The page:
A scheme that is offering free private tuition to London state school pupils this term could be expanded nationally with new Government funding.
The Sutton Trust pilot project has just started in 10 secondaries serving disadvantaged areas of the capital.
It aims to test whether personal tuition, bought by increasing numbers of wealthier families, can improve the GCSE results of less privileged pupils.
Now Sir Peter Lampl, chairman and founder of the trust, has identified the scheme as a candidate for expansion through the Education Endowment Fund (EEF), a pound;125 million pot of Government money his charity is overseeing.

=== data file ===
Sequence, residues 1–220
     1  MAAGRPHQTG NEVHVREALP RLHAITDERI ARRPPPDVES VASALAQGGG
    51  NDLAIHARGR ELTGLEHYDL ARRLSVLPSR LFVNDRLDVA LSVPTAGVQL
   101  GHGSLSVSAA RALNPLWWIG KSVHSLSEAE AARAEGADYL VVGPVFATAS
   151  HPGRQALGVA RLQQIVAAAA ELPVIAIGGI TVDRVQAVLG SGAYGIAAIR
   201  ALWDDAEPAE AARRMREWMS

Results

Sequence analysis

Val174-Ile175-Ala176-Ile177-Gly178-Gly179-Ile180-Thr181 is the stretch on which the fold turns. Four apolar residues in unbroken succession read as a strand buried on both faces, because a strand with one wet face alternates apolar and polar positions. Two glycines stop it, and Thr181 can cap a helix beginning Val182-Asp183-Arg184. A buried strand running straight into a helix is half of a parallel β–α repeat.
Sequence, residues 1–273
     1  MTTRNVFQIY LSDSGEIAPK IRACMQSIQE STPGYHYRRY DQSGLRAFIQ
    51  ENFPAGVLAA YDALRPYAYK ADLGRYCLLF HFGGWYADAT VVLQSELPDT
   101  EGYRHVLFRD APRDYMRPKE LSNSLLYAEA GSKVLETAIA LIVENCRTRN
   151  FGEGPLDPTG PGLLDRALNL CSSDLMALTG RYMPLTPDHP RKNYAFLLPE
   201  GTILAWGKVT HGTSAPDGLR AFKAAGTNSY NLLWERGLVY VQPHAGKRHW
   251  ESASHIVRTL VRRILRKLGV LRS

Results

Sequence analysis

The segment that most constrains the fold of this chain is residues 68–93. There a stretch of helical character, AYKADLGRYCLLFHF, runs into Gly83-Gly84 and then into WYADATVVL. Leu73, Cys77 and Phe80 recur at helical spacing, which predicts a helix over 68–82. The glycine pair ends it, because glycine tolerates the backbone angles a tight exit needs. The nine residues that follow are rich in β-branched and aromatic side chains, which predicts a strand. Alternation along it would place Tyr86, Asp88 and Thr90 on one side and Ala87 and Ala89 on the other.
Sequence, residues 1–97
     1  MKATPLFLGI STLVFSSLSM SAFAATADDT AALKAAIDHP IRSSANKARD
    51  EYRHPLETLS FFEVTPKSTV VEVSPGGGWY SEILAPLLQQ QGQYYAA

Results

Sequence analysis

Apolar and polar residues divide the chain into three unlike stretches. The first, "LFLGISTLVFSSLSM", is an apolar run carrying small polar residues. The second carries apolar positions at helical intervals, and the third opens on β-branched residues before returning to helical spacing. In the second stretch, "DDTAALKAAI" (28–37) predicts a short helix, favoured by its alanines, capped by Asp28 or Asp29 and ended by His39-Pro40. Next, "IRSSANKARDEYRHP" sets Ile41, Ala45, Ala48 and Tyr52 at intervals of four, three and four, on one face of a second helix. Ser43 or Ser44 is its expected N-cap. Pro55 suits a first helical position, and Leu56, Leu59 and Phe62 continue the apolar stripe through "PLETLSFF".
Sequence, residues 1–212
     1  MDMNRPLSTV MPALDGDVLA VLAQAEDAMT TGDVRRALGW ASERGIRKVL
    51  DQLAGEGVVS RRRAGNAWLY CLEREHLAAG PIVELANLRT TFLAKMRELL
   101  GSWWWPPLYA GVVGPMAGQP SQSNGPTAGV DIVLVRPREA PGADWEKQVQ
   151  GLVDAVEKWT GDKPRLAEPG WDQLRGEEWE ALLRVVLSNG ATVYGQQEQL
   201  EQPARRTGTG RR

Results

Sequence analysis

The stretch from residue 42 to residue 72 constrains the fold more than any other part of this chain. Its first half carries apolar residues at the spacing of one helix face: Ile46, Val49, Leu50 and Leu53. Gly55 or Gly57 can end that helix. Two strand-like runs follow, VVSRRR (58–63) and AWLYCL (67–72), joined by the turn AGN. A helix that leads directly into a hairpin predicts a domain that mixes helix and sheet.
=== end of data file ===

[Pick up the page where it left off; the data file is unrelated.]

"We have a bunch of kids doing GCSE maths who are receiving private tuition and a bunch of kids who aren't," he said. "We are going to see how effective private tuition really is."
Sir Peter said he thought one-on-four tuition might work as well as one- on-one sessions and that he found the idea of combining them with computer-based tutoring "very, very interesting". The initial pilot is using tutors from a London agency.
The fund is inspired by President Obama's Race to the Top programme which uses a competition for grants to encourage school reform.